Nancy Frazier Wayte’s impact on Gamma Iota Chapter

Tri Sigma returned to the University of Massachusetts Amherst on Sept. 15, 2016. The Gamma Iota Chapter was originally founded in 1963 and closed in 1992. The return to campus is exciting for many Gamma Iota alumna, but there is one Rho (Florida State) alumna who may be the most excited for the return.

img_0463Nancy Frazier Wayte was initiated into Tri Sigma at Florida State in the fall of 1961. The following spring Nancy participated in an exchange program and attended the University of Massachusetts Amherst. Nancy quickly made friends with her roommates and would share stories of her Tri Sigma experience. One evening, the women asked if they could start a Tri Sigma chapter and Nancy began her journey with Gamma Iota.

The women had the support of Tri Sigma, but the Dean of Women was not as positive and requested that Nancy stay on campus and work to help the chapter get started. Due to return to Florida State the next semester, she successfully requested permission from the College of Education at Florida State to stay another year. Tri Sigma supported Nancy financially in return for her work to recruit and develop the Gamma Iota Chapter. The chapter was installed in March 1963.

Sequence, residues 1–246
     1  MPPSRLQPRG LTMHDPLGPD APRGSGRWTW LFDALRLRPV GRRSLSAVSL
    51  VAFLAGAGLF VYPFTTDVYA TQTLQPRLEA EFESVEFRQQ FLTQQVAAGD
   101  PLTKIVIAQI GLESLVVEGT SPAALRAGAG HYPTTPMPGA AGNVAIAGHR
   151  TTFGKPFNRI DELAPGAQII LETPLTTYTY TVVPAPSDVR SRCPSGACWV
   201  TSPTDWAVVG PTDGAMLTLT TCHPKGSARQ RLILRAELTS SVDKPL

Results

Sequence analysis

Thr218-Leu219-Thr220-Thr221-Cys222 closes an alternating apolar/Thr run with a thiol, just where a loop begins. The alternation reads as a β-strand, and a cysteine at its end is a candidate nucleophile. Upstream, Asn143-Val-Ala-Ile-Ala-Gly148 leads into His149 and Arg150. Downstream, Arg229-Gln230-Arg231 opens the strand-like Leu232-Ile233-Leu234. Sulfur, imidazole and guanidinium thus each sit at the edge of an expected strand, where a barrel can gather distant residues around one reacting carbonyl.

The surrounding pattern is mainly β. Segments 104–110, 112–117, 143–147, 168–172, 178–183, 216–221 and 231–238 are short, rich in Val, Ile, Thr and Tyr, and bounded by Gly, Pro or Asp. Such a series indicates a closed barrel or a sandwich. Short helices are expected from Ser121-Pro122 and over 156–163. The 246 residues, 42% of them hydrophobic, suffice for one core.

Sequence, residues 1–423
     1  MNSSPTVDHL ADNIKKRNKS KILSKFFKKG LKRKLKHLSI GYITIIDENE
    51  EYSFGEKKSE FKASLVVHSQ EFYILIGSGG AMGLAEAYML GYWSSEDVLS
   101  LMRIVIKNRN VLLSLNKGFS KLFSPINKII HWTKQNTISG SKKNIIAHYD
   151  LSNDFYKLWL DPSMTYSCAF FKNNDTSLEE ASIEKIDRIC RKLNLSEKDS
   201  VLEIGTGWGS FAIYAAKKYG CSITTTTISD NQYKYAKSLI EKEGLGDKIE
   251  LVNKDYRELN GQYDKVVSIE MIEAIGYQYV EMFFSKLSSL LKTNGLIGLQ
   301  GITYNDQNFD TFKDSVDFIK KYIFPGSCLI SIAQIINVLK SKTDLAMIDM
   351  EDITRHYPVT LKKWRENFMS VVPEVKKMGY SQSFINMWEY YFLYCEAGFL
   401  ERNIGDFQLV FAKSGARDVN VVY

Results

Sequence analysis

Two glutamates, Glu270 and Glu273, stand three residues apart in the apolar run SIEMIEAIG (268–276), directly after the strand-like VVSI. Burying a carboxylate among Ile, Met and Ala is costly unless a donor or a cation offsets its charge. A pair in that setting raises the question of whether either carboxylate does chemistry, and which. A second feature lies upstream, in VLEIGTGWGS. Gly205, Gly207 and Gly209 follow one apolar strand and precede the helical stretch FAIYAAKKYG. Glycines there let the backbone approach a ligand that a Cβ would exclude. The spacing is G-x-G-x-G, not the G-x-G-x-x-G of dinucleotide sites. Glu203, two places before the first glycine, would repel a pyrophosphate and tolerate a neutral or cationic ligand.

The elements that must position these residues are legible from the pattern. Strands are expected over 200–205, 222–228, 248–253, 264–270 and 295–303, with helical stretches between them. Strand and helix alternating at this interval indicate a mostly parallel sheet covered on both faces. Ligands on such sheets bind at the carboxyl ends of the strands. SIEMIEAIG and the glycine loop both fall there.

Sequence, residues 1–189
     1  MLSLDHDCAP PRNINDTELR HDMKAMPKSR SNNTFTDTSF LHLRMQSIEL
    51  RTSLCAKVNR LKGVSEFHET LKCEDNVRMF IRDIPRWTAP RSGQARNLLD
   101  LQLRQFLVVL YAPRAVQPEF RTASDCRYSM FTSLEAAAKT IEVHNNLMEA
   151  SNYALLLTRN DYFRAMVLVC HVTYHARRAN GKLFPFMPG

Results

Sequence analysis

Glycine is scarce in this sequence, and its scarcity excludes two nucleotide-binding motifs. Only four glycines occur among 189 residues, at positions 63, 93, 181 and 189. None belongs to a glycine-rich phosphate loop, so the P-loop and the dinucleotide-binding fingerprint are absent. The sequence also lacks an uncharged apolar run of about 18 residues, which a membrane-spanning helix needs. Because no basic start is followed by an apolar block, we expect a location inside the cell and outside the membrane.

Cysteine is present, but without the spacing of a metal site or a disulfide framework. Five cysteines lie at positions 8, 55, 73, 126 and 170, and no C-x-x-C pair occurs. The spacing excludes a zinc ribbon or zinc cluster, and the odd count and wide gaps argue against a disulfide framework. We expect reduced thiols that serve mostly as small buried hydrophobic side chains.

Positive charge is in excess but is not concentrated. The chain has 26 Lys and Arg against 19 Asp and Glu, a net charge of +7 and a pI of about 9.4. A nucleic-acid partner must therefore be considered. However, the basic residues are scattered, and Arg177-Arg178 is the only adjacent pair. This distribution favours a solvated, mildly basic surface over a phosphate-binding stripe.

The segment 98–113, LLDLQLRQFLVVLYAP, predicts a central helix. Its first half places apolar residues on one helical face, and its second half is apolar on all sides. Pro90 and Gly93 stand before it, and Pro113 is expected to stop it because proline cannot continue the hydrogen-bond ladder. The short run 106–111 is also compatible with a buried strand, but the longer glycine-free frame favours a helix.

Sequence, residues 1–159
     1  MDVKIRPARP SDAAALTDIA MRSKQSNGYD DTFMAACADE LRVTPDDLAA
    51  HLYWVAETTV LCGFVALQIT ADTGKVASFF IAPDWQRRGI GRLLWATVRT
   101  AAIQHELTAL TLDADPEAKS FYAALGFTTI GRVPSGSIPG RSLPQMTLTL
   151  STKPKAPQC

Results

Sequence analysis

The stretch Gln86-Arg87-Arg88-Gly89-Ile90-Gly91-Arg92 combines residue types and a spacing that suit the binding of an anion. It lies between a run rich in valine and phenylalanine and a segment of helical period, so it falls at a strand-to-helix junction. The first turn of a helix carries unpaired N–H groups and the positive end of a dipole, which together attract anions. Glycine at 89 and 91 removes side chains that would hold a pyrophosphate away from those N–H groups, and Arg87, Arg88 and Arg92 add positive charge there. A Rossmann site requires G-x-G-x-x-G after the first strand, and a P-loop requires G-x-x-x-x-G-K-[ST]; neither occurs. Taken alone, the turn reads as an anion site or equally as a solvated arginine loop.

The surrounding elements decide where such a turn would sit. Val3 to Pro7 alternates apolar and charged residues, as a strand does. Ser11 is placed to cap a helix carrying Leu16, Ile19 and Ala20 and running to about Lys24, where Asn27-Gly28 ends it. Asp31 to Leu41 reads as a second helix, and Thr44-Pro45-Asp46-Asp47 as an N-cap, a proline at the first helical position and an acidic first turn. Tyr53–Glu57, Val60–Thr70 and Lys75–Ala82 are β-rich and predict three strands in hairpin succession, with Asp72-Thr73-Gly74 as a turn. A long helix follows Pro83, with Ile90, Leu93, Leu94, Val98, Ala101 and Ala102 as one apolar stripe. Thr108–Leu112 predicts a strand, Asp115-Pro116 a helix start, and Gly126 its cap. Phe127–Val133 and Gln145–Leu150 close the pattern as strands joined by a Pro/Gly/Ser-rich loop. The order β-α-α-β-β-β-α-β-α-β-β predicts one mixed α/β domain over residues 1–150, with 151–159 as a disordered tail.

Nancy returned to Florida State at the end of the semester and rejoined her Rho sisters for her senior year. As she puts it, it is quite a story and not like most women’s sorority experience.

Now living in Wyoming with her husband of 49 years, Nancy is still in touch with her Rho sisters and one special friend from Gamma Iota, Judy Bettencourt. A committed volunteer for Tri Sigma, Nancy has served as a chapter advisor, president of the Atlanta Alumnae Chapter and currently serves as the Tri Sigma representative to her local Alumnae Panhellenic. After working in education for 35 years, Nancy and her husband purchased and restored a local grocery store in Casper, WY.

We don’t always know the legacy we’ll leave as collegiate members of Tri Sigma, but Nancy’s fortitude, vision and passion continues today in the women who join the colony at the University of Massachusetts Amherst.